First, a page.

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J Dev Behav Pediatr. 2012 Jun;33(5):416-22. doi: 10.1097/DBP.0b013e31825609f0.

Prenatal drug exposure and peer victimization in early adolescence: testing childhood anxiety/depression and aggression as possible mediators.

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  • 1Division of Growth & Nutrition, Department of Pediatrics, University of Maryland School of Medicine, Baltimore, MD 21201, USA.



Children who are prenatally exposed to drugs may be at risk for emotion dysregulation, including childhood anxiety/depression and aggression, potentially increasing their risk for peer victimization. The objectives of this study were to investigate how prenatal drug exposure relates to adolescent peer victimization and the mediating effects of childhood anxiety/depression and aggression.


Seventy-six prenatally drug exposed (PDE) and 38 nonexposed (NE) adolescent-caregiver dyads followed since birth and middle childhood, respectively, participated in an evaluation during adolescence. In middle childhood, caregivers reported on their child's anxiety/depression and aggression, and children reported on violence exposure. In adolescence, caregivers and adolescents responded to a parallel single-item measure of peer victimization. Analyses were conducted using multivariate linear and logistic regression models, adjusting for covariates, including violence exposure.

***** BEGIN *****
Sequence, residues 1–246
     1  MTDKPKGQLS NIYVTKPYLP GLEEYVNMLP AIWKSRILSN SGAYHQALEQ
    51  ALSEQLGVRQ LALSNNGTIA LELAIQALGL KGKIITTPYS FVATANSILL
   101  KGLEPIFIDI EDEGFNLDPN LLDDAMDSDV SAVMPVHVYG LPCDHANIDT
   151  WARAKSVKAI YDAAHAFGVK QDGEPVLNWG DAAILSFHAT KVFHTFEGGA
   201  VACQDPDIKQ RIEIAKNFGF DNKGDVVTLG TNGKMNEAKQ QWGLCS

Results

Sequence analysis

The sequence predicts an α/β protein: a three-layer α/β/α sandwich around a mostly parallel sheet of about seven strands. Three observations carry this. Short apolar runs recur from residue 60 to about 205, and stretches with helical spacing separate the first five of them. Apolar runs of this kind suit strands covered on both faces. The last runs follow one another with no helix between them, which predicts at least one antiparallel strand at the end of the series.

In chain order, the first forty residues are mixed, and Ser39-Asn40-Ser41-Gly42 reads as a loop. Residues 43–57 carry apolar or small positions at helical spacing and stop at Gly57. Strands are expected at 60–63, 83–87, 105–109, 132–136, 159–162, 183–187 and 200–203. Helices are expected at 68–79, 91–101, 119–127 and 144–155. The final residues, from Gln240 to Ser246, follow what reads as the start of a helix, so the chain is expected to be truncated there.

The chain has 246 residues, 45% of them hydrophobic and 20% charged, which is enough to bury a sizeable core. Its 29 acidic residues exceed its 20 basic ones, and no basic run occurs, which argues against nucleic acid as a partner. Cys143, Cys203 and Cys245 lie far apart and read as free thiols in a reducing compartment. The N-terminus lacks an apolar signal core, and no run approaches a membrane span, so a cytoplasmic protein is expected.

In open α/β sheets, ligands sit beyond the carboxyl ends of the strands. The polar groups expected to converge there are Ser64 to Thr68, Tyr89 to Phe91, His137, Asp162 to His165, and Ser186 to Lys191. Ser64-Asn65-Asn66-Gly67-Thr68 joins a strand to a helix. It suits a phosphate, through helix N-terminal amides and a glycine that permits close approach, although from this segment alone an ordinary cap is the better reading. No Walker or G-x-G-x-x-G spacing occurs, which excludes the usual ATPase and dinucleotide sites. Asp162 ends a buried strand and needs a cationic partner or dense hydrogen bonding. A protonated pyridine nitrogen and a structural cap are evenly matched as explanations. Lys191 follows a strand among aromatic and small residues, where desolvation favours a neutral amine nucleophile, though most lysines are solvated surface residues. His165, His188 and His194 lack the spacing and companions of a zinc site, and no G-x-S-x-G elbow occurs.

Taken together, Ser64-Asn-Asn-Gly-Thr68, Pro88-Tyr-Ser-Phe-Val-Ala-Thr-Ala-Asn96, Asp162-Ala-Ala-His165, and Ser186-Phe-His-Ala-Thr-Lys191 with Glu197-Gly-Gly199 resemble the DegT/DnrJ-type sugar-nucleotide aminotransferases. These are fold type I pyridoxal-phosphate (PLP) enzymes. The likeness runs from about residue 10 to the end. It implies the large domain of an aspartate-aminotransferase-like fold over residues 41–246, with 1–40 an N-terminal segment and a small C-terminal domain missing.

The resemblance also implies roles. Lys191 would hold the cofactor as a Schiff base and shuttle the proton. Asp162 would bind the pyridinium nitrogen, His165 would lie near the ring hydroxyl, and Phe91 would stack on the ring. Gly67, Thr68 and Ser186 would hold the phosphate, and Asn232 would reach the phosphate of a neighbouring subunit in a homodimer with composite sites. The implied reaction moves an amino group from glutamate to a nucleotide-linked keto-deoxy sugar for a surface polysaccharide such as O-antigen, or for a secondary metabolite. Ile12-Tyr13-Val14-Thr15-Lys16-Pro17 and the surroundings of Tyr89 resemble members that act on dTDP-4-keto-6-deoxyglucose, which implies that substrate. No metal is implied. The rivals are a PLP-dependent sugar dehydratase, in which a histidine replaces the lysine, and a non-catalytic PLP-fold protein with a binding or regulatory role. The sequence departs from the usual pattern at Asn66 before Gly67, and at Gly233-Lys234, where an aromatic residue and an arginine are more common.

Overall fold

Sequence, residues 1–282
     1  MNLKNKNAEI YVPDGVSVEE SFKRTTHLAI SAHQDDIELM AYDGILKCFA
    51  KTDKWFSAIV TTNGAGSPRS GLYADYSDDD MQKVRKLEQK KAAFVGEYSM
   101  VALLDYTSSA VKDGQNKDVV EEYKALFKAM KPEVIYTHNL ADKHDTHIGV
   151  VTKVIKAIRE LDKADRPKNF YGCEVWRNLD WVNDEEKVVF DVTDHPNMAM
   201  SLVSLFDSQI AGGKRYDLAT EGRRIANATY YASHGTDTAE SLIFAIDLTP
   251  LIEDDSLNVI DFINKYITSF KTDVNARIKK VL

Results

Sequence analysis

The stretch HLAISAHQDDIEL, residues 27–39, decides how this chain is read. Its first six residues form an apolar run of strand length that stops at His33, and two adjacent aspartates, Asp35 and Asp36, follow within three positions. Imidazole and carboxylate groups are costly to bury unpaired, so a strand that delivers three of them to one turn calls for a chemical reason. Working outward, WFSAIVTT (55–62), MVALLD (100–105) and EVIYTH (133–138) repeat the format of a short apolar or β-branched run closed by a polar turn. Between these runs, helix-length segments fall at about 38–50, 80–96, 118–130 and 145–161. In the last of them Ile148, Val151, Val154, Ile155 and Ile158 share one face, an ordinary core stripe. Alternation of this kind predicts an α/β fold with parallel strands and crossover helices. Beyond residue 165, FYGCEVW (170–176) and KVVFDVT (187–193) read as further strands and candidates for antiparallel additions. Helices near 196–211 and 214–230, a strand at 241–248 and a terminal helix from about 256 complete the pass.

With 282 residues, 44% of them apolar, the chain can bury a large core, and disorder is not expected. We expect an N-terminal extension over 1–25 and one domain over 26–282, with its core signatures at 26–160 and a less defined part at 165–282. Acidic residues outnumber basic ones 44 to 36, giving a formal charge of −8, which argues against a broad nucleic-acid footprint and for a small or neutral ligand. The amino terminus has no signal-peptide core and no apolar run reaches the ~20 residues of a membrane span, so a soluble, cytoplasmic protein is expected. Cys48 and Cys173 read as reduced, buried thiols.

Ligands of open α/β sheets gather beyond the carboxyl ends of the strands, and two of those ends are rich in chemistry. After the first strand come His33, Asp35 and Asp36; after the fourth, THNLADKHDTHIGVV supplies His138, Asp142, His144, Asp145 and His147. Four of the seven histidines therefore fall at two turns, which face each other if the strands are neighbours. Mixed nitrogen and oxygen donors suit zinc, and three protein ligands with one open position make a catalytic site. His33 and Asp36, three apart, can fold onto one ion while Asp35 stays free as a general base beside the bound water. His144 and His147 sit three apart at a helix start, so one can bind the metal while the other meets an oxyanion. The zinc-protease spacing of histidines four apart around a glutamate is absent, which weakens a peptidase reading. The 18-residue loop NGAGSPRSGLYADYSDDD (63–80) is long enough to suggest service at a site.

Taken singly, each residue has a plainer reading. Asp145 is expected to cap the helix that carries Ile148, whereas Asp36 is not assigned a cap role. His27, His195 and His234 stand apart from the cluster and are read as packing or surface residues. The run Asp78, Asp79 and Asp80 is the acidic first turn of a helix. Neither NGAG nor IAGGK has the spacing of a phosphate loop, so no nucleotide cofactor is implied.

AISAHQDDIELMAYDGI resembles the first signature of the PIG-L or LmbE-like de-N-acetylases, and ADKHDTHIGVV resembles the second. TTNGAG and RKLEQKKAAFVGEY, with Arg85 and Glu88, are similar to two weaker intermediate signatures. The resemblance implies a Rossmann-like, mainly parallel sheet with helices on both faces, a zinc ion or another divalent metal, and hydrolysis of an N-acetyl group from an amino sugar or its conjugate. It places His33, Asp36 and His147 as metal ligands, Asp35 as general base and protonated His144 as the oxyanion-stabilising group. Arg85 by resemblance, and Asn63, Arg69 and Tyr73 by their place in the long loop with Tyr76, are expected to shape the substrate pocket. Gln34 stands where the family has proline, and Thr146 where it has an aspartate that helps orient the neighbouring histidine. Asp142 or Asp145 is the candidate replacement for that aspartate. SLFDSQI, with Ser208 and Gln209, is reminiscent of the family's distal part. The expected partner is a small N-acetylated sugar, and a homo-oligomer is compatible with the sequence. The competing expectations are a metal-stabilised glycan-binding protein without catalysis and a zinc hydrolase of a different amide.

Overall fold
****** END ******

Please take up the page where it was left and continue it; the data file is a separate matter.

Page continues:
One-third (33.3%, n = 35) of the sample endorsed peer victimization: 40.8% PDE and 17.6% NE, p = .01. In middle childhood, PDE youth had more aggressive behaviors (11.92 vs 7.45, p < .01) and anxiety/depression symptoms (3.43 vs 1.76, p < .01) than NE youth. Anxious/depressed behavior during childhood mediated the association between prenatal drug exposure and adolescent peer victimization. Aggression was not a significant mediator.


The consequences of prenatal drug exposure extend into adolescence. Prenatal drug exposure may interfere with emotion regulation, resulting in anxious/depressed behavior during childhood and significantly increasing the risk for peer victimization during adolescence, even in the presence of violence exposure. Strategies to reduce anxious/depressed behavior among children with a history of prenatal drug exposure may reduce adolescent peer victimization.

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